Thelxinoe ~ Classics News for May 12th, 2023

Hodie est a.d. IV Id. Mai. 2776 AUC ~ 22 Mounichion in the second year of the 700th Olympiad

[in catchup mode … more tomorrow]

In the News

In Case You Missed It

Classicists and Classics in the News

Greek/Latin News

Public Facing Classics

Fresh Bloggery

Association/Departmental Blogs and News

Other Blog-like Publications

Fresh Podcasts

The world’s great museums are full of art and artifacts that were plundered during an era when plunder was the norm. Now there’s a push to return these works to their rightful owners. Sounds simple, right? It’s not. (Part 2 of “Stealing Art Is Easy. Giving It Back Is Hard.”)

In this episode of The Ancients, host Tristan Hughes speaks with historian Honor Cargill-Martin about the notorious Empress Messalina, third wife of Emperor Claudius. A lot has been said about Messalina over two millennia: that she was a nymphomaniac who organised orgies and engaged in prostitution, even going so far as to work as a prostitute in the streets of Rome, or had sex with 25 men in 24 hours, are just a few examples. Cargill-Martin sheds light on the political and social climate of ancient Rome during Messalina’s reign and how she was a complex figure who deserves a more nuanced understanding.

Welcome to 423 BCE and your introduction to the one and only Sextus Tempanius! You may not know his name just yet, but we’re pretty sure you’ll be as impressed with him as we are. Suffice it to say, 423 BCE is one of the more interesting and dramatic years of the decade….

Robert asks, ‘Why javelins? It seems that a bow would be a much better weapon for a skirmish in the ancient world, but it seems that javeLin armed light troops may have been the most common type in Europe. Additionally, if using javelins, why not an atlatl to throw them with? This would make a difference in hitting a target, but one has to believe that range would be an important factor while skirmishing.’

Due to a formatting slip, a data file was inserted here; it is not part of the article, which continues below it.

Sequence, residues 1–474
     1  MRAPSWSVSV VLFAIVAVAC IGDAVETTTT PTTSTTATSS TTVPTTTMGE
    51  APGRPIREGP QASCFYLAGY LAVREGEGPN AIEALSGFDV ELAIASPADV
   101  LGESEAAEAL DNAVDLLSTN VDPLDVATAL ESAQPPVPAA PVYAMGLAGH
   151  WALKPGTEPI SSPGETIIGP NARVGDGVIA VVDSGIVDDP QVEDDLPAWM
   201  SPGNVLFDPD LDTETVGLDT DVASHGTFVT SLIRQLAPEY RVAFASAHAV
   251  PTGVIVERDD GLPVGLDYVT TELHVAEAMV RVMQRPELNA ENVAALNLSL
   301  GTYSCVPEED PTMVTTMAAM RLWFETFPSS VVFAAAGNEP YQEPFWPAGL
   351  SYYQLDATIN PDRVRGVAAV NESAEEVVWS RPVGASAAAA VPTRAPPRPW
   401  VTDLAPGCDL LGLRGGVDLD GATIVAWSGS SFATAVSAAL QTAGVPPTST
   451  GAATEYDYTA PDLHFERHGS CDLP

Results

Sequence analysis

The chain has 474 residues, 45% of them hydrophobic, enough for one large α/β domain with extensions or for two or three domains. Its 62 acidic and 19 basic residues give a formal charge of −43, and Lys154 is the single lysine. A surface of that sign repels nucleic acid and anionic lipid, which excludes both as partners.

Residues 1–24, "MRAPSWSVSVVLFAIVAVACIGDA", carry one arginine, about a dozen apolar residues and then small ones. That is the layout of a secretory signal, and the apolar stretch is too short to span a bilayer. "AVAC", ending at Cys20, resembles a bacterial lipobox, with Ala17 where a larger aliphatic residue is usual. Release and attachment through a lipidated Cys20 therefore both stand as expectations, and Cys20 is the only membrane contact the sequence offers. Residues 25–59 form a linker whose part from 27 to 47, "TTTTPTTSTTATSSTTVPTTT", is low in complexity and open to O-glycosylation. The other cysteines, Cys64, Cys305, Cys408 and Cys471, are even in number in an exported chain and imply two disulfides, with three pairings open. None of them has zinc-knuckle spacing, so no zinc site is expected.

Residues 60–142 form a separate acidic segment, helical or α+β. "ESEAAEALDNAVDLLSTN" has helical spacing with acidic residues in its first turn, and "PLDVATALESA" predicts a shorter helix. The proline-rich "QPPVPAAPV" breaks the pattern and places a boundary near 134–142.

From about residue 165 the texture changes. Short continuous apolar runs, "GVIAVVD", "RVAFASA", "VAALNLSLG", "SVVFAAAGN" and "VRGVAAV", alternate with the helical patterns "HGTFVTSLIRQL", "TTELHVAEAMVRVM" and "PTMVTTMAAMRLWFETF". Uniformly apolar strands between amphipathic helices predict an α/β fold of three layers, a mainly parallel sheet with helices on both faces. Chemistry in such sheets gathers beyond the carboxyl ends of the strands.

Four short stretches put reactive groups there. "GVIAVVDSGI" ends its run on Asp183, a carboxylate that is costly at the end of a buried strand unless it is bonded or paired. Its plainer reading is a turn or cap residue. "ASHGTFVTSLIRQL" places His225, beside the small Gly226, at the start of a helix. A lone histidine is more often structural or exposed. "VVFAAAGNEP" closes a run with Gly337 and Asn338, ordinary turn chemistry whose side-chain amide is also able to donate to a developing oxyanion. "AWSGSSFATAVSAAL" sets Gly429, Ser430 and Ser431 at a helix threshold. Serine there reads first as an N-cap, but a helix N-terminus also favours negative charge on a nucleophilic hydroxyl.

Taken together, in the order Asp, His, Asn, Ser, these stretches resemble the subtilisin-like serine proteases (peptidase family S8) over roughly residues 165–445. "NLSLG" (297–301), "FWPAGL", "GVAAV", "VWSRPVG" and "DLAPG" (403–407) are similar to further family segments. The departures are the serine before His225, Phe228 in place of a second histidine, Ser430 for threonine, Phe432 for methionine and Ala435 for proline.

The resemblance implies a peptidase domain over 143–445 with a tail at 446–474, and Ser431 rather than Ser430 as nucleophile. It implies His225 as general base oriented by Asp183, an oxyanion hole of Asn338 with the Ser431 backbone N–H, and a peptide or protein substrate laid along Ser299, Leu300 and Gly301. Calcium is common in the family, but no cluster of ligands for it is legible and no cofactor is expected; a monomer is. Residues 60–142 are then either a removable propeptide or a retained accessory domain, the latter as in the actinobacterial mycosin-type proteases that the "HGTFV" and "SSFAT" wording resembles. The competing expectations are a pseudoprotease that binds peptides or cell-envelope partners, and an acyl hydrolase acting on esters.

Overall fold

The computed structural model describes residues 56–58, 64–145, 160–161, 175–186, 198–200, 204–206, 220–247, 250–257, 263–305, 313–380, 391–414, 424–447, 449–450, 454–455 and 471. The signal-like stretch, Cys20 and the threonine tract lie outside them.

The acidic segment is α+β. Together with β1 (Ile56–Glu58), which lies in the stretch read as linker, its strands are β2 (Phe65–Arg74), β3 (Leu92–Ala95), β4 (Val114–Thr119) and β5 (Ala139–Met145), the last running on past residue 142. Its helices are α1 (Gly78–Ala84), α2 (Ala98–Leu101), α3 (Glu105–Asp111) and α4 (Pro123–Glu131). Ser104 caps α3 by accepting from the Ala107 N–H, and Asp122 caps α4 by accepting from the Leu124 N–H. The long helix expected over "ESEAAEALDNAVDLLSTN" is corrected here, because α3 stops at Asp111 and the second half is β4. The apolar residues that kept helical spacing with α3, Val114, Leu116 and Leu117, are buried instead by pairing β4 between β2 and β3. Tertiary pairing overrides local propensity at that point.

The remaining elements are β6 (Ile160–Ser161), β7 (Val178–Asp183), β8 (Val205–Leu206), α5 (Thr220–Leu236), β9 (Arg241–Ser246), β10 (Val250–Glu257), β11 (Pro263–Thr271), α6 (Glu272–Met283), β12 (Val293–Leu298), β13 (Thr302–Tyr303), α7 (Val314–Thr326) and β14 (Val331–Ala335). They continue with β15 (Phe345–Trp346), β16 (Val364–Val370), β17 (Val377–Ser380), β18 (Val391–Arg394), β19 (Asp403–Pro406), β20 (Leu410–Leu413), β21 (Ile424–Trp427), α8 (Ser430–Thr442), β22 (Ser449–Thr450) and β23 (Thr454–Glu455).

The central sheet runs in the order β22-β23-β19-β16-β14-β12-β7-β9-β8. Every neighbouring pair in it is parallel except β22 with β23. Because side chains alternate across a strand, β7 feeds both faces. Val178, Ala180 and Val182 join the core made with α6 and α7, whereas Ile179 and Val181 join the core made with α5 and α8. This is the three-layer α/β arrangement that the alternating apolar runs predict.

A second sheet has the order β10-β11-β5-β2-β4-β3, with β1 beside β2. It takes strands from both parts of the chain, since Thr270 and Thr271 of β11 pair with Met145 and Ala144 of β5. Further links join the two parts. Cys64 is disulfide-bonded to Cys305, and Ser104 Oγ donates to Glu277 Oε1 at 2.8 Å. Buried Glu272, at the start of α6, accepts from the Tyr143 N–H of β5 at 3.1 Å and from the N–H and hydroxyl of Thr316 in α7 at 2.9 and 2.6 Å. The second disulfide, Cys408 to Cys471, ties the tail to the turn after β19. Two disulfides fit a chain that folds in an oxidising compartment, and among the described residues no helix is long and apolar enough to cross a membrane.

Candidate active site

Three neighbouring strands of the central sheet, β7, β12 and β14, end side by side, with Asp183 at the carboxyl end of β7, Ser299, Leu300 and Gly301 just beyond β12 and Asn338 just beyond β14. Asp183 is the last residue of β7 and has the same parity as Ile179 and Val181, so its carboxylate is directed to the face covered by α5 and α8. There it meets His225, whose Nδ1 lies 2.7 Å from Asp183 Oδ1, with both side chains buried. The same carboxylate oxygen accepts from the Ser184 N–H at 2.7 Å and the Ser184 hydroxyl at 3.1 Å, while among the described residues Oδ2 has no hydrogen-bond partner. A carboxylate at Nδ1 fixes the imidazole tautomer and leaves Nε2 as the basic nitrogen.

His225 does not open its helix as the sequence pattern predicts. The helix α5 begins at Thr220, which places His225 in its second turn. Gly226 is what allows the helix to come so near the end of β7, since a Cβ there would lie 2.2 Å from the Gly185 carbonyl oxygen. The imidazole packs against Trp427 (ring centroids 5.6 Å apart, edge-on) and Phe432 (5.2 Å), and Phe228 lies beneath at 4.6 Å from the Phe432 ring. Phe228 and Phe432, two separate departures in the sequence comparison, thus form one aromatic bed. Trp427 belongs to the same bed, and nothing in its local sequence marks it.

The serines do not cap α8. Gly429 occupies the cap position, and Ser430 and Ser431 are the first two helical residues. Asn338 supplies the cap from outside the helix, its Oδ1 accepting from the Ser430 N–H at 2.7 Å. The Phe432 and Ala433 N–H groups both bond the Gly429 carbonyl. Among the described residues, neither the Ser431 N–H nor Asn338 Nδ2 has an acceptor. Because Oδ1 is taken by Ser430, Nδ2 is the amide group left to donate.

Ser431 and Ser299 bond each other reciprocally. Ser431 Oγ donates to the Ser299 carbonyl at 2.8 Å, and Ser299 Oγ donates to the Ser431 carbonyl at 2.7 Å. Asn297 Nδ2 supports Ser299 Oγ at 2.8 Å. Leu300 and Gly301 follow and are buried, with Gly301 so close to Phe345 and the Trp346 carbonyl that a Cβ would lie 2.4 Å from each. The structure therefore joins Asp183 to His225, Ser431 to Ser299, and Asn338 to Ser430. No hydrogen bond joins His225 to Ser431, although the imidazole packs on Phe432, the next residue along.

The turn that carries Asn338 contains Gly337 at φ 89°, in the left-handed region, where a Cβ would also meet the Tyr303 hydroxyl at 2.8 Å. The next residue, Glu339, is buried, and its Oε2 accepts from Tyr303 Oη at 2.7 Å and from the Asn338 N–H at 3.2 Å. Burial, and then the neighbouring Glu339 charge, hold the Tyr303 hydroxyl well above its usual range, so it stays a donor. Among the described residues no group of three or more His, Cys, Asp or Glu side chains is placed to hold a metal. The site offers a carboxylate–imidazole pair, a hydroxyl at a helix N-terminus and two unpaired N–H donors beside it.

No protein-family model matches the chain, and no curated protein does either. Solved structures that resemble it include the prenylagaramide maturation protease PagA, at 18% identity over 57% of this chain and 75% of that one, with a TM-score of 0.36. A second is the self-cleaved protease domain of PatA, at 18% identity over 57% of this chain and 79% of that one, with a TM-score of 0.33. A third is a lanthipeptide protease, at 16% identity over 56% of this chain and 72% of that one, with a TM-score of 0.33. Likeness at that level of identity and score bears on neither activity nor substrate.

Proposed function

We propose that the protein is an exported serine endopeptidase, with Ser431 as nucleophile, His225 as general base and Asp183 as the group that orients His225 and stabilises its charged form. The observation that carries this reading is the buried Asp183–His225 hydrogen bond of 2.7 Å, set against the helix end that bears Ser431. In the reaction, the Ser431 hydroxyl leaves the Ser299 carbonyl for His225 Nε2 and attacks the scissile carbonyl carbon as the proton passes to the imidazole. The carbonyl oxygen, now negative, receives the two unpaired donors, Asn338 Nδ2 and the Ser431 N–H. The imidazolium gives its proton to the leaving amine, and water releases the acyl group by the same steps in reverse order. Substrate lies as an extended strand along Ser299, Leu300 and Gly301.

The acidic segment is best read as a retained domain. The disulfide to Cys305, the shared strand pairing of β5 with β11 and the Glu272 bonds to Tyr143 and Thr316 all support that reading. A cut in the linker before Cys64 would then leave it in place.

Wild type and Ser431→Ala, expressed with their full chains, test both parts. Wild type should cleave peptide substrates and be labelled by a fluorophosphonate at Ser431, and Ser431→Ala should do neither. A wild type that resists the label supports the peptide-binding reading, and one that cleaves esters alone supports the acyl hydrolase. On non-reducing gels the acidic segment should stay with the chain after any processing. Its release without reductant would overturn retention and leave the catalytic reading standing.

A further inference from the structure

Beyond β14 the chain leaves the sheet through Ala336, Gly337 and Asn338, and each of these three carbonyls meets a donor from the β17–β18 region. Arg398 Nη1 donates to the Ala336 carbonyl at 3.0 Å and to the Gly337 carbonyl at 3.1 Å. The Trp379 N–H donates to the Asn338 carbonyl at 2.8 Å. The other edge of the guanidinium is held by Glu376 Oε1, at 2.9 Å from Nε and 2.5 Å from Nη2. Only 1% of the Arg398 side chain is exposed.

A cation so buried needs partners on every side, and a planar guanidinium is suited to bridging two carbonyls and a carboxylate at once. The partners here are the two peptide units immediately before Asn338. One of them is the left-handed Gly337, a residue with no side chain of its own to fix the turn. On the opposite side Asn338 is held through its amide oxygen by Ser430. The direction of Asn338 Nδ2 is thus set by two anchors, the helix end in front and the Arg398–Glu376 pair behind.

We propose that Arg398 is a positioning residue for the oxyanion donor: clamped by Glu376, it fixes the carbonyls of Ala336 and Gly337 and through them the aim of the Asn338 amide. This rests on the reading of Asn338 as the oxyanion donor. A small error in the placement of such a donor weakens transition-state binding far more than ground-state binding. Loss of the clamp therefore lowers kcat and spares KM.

While much of the Roman Empire was lost during the rule of Gallienus, We don’t really know how much of that is his fault, or really get a sense of his reign. Was he responsible for the loss of territory, or was he just a victim of the time? Part IV of ‘Gallienus’ Guest: Associate Professor Caillan Davenport (Head of the Centre for Classical Studies at the Australian National University).

Rome eventually became the heart of one of the largest and most powerful empires the world has ever known, but in the beginning, it was just a collection of villages on the Tiber River. How those villages merged and became a city, then a state, is one of the crucial stories in human history.

Liv reads Ovid’s Metamorphoses, Book 7, translated by Brookes More. It’s time for none other than MEDEA and Jason… and some other happenings including a hint of Theseus and the little Myrmidon ants.

Book Reviews

Online Talks and Conference-Related Things

Jobs, Postdocs, and other Professional Matters



‘Sorting’ Out Your Day:

Today on the Etruscan Brontoscopic Calendar:

If it thunders today, it portends the destruction of fish.

… adapted from the text and translation of:

Jean MacIntosh Turfa, The Etruscan Brontoscopic Calendar, in Nancy Thomson de Grummond and Erika Simon (eds.), The Religion of the Etruscans. University of Texas Press, 2006. (Kindle edition)

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